What is Cooling Tower Life Expectancy?
The life expectancy of industrial cooling towers is between 15 and 25 years. While some believe that it is necessary to establish a completely new system, the old cooling tower systems can be refurbished or upgraded.
Which Type of Cooling Tower Is More Efficient?
As discussed above, liquid-cooled chillers have higher energy efficiency than air-cooled chillers. Air-cooled chillers have to reject heat at a higher dry-bulb air temperature than liquid-cooled chillers in which heat rejection occurs at or near wet-bulb temperatures. Thus, Air-cooled chillers have lower reverse-Carnot cycle effectiveness.
Between cross-flow and counter-flow cooling towers, the cross-flow tower works better for access to maintenance, variable flow, and operation in cold weather. Counter-flow towers may be better in tight spaces under 750 tons or in spaces that require less operating weight.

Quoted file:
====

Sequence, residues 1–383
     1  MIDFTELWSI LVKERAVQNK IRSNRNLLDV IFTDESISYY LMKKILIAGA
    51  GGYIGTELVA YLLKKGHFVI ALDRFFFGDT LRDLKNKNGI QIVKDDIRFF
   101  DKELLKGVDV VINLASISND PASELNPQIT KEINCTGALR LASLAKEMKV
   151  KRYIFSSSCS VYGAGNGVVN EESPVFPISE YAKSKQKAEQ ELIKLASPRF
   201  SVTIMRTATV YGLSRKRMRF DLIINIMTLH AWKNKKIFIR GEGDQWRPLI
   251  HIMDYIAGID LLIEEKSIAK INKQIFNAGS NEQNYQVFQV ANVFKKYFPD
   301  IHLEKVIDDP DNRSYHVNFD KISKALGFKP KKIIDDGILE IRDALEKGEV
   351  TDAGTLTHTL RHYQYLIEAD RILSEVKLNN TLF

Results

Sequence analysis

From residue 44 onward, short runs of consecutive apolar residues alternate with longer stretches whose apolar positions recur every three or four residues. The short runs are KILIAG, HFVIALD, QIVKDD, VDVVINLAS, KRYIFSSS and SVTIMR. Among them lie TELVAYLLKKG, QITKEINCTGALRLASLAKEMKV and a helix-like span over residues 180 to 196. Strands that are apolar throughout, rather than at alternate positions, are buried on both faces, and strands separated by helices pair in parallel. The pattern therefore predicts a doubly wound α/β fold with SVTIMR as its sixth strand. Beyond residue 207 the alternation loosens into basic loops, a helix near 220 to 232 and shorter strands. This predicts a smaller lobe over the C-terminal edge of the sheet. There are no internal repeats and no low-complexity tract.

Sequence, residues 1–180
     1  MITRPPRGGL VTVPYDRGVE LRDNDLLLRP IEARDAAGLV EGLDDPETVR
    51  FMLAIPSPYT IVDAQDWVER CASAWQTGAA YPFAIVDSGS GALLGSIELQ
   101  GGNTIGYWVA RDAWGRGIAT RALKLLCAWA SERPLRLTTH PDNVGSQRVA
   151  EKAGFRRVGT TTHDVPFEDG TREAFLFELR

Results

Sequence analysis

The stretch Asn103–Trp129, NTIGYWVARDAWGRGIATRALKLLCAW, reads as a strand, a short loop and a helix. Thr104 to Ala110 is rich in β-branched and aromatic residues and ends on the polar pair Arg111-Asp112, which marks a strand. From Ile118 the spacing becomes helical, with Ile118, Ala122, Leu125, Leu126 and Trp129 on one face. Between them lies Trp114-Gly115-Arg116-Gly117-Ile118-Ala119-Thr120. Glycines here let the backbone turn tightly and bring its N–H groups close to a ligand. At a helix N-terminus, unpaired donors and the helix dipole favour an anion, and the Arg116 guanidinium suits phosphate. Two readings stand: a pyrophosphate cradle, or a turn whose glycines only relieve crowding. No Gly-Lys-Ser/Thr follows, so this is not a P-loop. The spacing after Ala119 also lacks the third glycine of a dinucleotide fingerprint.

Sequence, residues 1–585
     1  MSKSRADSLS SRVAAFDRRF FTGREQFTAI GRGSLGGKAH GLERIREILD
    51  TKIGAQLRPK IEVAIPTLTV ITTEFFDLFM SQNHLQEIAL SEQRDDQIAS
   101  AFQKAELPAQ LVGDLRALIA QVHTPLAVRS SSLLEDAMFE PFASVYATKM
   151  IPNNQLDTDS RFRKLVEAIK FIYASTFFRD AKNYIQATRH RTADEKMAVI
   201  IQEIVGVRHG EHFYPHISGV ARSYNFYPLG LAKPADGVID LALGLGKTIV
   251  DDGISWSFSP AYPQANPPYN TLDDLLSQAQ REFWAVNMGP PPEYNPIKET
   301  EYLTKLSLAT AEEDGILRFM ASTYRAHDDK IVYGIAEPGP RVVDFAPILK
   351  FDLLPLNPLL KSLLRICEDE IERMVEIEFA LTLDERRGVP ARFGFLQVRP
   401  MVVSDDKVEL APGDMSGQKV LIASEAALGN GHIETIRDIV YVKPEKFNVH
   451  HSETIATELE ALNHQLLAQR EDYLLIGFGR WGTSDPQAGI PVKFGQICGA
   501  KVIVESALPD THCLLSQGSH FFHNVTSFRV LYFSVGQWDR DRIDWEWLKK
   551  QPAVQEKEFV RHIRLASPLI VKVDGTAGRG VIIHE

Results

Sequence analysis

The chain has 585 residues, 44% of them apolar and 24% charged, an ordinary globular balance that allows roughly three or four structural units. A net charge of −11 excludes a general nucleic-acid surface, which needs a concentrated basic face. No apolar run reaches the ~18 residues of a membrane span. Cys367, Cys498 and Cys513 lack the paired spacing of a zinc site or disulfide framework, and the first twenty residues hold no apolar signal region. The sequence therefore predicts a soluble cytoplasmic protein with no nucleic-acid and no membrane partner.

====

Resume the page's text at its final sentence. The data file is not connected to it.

Are cooling towers dangerous?
Maintaining cooling towers may put you at risk for respiratory infections by Legionella bacteria. Legionella can live in lakes, rivers, ponds, groundwater, and human-made water systems. Diseases can be caused by inhaling mist from polluted water into the lungs. Legionella mainly causes two types of diseases: Legionnaires disease and Pontiac Fever.
There are also some environmental impacts of the cooling towers due to the huge vapor amount emitted into the atmosphere. The production of a great visible plume reduces the solar radiation below the plume.